When the cough appears out of the blue, possible exposure to allergens is not usually considered the most likely culprit. Instead, infection tops the list. However, paying attention to recent changes to your surroundings would be an excellent place to start figuring out a nagging dry cough. 

Pollen, new grass and plants, dust and dust mites, animal dander, and exposure to fungal spores are the usual suspects for allergic cough. Also, assuming you are an urban dweller, breathing in pollutants from your city can lead to a chronic cough. 

Allergic rhinitis, also known as hay fever, can result in a chronic cough. For instance, exposure to allergens, either with the change of the season or persistently throughout the year, can result in chronic cough as a hay fever symptom. Additionally, individuals with hay fever may notice sneezing, runny nose, congestion, loss of smell and itchy throat, and a possible alteration in smell.

An allergic cough can also be a sign of a flare of asthma symptoms. You may not frequently observe characteristic wheezing and shortness of breath. However, persistent exposure to allergens narrows the airways among asthmatics. This constriction increases the likelihood of cough following exposure to allergens.

Allergens can also result in postnasal drip. The inflamed sinuses produce more mucus which drips down to the cough receptors. Continuous exposure can result in a chronic cough.

Finally, the reflex of coughing on its own can form a feedback loop, further increasing the likelihood of coughing. For example, a chronic cough irritates and inflames the pharynx and larynx, hosts to the cough receptors—this continuous loop of inflammation and irritation results in further coughing.

Managing My Allergic Cough

Most allergic coughs subside once the exposure to allergens is limited.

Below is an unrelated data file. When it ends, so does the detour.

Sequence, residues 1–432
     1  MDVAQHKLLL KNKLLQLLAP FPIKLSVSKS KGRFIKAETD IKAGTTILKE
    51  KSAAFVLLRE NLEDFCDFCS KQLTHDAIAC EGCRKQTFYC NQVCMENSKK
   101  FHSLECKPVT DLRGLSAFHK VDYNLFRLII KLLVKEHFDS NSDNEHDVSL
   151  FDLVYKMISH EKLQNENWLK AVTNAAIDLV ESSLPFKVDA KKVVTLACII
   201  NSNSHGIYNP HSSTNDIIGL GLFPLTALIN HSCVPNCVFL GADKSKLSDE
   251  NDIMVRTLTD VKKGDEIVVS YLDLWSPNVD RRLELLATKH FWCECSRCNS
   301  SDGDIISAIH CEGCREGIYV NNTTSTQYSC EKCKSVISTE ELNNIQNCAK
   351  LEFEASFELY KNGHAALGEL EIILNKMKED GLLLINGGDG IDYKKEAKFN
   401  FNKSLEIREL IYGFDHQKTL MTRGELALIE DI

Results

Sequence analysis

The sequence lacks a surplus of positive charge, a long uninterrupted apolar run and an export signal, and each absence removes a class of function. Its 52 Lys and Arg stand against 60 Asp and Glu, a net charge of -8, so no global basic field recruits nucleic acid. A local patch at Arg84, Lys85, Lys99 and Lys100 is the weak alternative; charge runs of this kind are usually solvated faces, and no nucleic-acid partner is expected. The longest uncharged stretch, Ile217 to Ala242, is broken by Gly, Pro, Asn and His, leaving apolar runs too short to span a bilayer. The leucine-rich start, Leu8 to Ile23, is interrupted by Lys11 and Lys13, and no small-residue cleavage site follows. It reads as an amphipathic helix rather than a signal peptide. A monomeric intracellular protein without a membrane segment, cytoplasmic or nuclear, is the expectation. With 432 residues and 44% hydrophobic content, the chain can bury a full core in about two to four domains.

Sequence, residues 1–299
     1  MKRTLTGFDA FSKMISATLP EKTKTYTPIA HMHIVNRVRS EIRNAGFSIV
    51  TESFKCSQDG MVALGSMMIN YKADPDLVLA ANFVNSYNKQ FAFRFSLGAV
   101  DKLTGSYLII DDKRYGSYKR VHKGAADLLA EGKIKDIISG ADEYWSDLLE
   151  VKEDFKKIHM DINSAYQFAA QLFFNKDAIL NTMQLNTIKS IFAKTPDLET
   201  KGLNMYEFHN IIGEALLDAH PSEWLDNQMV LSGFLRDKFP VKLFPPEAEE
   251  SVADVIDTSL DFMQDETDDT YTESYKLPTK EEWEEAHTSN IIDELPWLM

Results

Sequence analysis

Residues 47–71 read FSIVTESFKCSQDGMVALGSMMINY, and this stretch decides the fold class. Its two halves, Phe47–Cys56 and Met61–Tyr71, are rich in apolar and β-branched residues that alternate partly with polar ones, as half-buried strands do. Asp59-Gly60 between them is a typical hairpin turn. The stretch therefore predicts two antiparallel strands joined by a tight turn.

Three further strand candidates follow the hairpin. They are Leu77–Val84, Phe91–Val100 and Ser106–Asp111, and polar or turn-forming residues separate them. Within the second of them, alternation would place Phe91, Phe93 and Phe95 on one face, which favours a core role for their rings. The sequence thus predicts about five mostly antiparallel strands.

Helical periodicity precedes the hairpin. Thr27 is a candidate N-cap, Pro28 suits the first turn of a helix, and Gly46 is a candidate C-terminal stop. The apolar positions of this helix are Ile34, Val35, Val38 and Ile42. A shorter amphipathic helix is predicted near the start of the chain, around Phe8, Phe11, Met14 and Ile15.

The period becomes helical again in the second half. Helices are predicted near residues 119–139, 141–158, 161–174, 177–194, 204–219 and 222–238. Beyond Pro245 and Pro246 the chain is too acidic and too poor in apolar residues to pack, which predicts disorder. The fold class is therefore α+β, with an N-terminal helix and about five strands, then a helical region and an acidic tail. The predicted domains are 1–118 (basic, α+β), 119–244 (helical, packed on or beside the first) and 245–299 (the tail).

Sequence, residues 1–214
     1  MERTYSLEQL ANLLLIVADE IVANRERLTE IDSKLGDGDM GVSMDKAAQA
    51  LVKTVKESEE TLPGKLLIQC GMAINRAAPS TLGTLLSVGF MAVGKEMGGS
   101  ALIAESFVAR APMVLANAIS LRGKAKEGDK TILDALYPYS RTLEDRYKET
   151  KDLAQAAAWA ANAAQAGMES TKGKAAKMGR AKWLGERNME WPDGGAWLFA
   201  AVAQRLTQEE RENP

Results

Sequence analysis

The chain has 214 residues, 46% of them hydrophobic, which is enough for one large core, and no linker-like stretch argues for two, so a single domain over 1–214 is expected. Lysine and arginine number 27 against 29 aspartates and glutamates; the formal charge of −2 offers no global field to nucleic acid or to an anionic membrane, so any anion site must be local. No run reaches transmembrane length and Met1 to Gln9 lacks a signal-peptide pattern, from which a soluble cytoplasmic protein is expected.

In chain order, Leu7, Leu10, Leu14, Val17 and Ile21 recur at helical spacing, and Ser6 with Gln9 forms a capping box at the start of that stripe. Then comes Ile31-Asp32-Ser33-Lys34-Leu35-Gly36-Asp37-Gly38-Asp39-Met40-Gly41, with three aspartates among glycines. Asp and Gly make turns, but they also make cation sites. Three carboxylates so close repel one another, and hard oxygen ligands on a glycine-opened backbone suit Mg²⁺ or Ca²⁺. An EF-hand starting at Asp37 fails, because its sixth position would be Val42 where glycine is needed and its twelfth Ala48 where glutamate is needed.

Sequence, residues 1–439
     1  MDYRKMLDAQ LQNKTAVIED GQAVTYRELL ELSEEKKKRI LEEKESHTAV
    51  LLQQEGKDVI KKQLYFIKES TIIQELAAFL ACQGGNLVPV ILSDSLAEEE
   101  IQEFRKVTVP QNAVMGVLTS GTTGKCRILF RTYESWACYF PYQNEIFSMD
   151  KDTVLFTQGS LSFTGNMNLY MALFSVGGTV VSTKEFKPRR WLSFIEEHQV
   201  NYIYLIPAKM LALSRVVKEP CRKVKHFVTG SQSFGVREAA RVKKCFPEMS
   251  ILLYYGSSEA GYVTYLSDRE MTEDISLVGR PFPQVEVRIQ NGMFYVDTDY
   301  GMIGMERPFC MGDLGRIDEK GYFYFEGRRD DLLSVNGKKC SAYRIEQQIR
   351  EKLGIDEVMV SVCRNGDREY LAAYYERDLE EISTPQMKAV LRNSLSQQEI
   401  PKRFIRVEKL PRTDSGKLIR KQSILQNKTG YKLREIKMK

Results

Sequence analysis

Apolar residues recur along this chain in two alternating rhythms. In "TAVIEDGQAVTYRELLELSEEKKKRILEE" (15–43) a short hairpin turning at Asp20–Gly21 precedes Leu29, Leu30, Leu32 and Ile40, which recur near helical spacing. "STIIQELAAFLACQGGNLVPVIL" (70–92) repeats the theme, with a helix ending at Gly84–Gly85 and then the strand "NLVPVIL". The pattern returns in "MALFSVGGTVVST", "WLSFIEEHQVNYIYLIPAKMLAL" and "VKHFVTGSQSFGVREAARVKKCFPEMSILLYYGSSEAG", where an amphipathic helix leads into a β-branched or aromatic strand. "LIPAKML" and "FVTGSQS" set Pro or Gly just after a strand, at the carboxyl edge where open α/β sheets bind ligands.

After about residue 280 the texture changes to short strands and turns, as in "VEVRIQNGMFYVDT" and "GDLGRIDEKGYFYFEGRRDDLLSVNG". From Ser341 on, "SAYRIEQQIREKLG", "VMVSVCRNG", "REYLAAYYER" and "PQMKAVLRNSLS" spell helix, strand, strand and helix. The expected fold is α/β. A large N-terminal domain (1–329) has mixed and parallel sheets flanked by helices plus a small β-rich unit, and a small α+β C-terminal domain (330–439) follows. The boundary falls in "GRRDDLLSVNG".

Firstly, consider identifying possible triggers if you feel you have an allergic cough. For example, a recent change in the season is a conspicuous clue for allergic coughs. Thus, pollens, grass, or humid air could be resulting in your cough.

For those living in polluted cities, consider using an air purifier and adding more plants to your living space. This device helps negate some of the gases and pollutants.

Clean out your house for dust, mites, and molds. Enable ventilation throughout the house. Limit clutter which can be a house for mites and dust.

Decongestants and antihistamines are often available over-the-counter. They work great to manage mild symptoms. Most importantly, since histamine is the primary mediator of allergies, negating its effects reduces inflammation, thereby managing symptoms.

A nasal rinse or even steam inhalation can loosen mucus and clear nasal passages of allergens. 

When these basic attempts seem insufficient to tackle your nagging cough, consider speaking to a healthcare professional. At the onset of the cough, tracking symptoms, cough variation, frequency, and any recent environment changes can provide a holistic picture for your physician to narrow down a diagnosis.